Reading that chapter resurfaced memories from my years parenting grandchildren with Fetal Alcohol Syndrome. The stress, the sadness, the worry; it all flooded back. Here is a peek into part of that chapter.

Chapter 1
My Eldest Grandson, Rocky,
Placement # 1

I am in line at the information desk of Hamilton Police Station. As I wait for my turn, I gaze through the heavy, glass double-doors. Rain pelts down. People hurriedly step over puddles to push their way inside. A woman shakes out her umbrella, careful to avoid those of us patiently waiting.

        With eyes on the entrance, I watch for my fourteen-year-old grandson, Rocky, to arrive with his Children’s Aid caseworker. Five minutes later, they step inside out of the rain. Rocky tosses raindrops from his blond, curly hair.

        Dread surges through me. He is about to face a grueling interview and I am uncertain how he will react. His worried gaze scans the lobby searching for me then brightens as he smiles my way. He knows I love him and will be there for him no matter the outcome.    

        Arrested for criminal activity the previous evening, Rocky was removed from our home and placed into the care of the Children’s Aid Society. Now, he is at the station to discover his fate. He and his worker join me in line until the information officer directs us to a specific department. A detective approaches and dismisses the CAS worker but instructs me to stay. She leads us to a small, brightly lit room where she explains our interview will be videotaped and everything we say recorded. I glance at Rocky and my heart pounds. His face is pale. I sense his nervousness.

        For the next hour, the detective addresses Rocky and the reason for his arrest. The facts that emerge sicken me until I feel I will pass out. My mind screams. “Get up and get out; don’t come back, don’t even look back. This is too much, even for you. After everything you have been through, you do not deserve this. Come back later, when he is an adult and you are no longer his guardian. Come back then and simply be Grandma.”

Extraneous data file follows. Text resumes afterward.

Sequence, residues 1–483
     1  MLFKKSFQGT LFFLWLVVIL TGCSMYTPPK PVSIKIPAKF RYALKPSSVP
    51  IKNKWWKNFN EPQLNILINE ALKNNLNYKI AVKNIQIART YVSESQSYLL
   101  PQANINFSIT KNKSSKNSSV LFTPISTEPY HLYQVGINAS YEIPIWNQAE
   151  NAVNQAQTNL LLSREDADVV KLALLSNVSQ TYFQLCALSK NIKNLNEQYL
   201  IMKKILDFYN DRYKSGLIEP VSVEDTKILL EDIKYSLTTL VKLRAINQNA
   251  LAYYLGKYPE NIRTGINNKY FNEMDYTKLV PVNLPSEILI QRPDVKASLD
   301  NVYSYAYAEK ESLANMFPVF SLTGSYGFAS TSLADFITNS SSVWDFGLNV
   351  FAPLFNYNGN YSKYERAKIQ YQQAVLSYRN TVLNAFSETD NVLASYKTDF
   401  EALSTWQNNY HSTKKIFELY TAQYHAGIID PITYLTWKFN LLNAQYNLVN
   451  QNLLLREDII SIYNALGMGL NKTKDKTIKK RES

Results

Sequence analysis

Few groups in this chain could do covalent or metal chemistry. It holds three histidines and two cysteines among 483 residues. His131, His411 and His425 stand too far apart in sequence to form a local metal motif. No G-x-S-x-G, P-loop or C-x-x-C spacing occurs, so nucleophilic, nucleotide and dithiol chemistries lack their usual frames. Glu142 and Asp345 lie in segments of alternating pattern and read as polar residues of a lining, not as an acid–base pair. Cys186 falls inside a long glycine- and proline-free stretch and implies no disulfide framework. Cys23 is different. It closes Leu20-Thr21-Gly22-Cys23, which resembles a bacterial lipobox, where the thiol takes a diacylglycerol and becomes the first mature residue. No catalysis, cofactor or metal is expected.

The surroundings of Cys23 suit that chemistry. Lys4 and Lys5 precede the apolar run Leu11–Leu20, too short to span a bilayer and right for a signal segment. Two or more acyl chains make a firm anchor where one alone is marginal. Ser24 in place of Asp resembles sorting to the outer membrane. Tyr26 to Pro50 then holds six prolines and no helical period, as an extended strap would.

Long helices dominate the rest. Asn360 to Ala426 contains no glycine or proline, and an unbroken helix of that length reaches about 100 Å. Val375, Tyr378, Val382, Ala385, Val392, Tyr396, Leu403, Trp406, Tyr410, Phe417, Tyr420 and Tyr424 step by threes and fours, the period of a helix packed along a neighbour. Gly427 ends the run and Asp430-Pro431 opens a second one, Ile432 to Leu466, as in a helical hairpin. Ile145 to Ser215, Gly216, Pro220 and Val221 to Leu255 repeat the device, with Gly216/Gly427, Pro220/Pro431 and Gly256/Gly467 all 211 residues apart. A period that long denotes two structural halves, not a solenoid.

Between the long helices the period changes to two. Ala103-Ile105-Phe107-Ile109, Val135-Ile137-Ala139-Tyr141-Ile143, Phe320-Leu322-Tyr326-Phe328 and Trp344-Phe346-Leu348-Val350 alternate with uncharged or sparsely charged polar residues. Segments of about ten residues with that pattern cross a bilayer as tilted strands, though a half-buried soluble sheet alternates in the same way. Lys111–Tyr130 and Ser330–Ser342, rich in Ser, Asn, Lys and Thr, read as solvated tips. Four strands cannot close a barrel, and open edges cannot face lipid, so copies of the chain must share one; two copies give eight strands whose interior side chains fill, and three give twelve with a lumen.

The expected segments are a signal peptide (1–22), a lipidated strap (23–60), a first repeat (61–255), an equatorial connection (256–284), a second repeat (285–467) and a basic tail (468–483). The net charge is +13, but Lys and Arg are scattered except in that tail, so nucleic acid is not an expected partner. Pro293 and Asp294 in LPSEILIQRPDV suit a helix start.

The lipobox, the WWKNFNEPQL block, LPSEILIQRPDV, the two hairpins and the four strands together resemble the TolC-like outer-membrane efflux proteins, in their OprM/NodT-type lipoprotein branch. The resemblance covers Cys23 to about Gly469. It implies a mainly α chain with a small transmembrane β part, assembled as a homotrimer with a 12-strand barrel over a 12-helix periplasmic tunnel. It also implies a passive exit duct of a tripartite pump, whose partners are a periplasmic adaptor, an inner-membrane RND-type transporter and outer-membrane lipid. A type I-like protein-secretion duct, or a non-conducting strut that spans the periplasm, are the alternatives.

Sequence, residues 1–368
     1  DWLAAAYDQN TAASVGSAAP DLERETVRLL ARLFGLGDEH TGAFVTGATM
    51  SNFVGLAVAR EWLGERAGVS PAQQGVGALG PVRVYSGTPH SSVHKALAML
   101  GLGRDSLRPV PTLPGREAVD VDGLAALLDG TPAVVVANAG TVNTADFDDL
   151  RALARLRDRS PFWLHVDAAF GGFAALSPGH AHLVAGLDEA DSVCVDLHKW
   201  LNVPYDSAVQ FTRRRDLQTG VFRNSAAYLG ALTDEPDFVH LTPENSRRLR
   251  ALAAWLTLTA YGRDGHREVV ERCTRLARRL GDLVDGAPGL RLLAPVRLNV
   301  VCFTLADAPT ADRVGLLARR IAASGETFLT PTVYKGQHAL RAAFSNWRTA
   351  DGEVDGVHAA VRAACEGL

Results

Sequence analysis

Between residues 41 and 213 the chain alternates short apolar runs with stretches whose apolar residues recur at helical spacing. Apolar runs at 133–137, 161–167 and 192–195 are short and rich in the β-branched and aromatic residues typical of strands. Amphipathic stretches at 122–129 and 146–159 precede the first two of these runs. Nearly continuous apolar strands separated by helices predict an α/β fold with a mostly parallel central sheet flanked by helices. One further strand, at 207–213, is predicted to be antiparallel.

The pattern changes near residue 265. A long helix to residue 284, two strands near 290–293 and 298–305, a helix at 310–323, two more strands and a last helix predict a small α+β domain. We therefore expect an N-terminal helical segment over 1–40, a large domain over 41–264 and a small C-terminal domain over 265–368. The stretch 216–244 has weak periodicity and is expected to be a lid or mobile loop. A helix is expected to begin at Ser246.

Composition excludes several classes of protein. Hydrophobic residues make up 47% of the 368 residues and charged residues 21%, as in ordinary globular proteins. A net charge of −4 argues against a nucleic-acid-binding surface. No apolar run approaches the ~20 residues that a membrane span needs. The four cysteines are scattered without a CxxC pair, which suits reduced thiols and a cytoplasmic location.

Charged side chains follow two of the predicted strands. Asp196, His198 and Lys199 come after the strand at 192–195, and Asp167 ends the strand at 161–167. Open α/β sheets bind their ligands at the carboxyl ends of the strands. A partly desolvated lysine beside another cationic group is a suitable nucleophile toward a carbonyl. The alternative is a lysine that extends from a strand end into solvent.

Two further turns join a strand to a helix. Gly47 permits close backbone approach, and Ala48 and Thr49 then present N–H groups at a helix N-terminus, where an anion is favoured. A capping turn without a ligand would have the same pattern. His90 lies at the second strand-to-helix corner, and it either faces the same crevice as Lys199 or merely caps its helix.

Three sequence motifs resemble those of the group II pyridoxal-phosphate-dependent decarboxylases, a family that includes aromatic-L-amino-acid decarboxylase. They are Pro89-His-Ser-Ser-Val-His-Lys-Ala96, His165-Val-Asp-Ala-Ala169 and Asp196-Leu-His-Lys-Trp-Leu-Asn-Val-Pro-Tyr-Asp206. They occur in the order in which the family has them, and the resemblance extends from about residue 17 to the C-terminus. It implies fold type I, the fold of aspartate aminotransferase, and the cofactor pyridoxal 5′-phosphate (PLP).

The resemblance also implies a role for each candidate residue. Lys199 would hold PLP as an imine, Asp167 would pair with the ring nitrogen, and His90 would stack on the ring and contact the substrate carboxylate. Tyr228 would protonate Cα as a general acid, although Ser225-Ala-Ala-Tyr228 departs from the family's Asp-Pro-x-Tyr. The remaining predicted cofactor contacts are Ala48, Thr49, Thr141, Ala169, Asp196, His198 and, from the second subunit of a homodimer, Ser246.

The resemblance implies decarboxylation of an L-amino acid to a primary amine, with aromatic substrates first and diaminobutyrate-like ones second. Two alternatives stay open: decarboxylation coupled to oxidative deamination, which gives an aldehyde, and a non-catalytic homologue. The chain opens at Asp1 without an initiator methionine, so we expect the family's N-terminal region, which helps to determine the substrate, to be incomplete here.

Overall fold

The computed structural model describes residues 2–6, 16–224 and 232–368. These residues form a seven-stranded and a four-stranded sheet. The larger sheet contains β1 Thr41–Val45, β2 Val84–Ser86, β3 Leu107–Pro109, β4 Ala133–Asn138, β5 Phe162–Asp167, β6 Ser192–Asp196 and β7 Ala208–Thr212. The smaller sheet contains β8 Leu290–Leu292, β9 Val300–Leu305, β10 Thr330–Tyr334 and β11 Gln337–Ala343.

I ignore my mind and stay. After all, everything once again depends on me. I’m broken, exhausted, and overwhelmed by the fourteen years I have spent raising him and three of his siblings, all challenged by Fetal Alcohol Syndrome. I am in no shape to absorb this new catastrophe.

To read more about Rocky’s rocky road in Fetal Alcohol Syndrome, The Teen Years, visit this link

http://www.amazon.com/author/barbarastudham

2. Another seascape!

I love painting seascapes. Having recently taken up painting, I work on my pictures daily. Painting reduces my stress and offers me a break from writing and promoting my books: memoir, fiction, and children’s picture books.

Following our weekly meet-ups for updates on the second in the children’s picture book series, titled, Strawberry & Cracker, Twins with Fetal Alcohol Syndrome, illustrator, Heather Lamb kindly gave me tips on painting. I learned how to hold a brush for optimum detailing, to paint with tools other than brushes, and the importance of shading and highlighting.

Painting a Seascape with Acrylics.

Once a week for four weeks, Heather oversaw my seascape painting. It is now complete and added to my collection of beginner’s works. The reason I am posting the sequence of pictures here, is not because I see the final as a masterpiece (far from it), but to encourage readers to indulge in a new interest. Being a senior, I am constantly on the lookout for new projects, and love this one. Thanks, Heather!

During our London, England, trip in 2018, my son and I are planning to visit the National Art Gallery. It won’t be the first time for me as I was born in England and lived there until the age of 26. A few years before immigrating to Canada, I visited the National Gallery, and want my son to share the experience. If ever you get the opportunity to visit London, don’t miss the Gallery. The masterpieces are breathtaking. I can guarantee, you will leave the building a new person.

If you are looking for a relaxing experience, why not join me on my Amazon Author Page at the following link. There you will see my FASD memoirs, my fiction books including Under The Shanklin Sky English seaside series, and my children’s FASD picture book titled Strawberry & Cracker, Twins with Fetal Alcohol Syndrome: The School Day. 

http://www.amazon.com/author/barbarastudham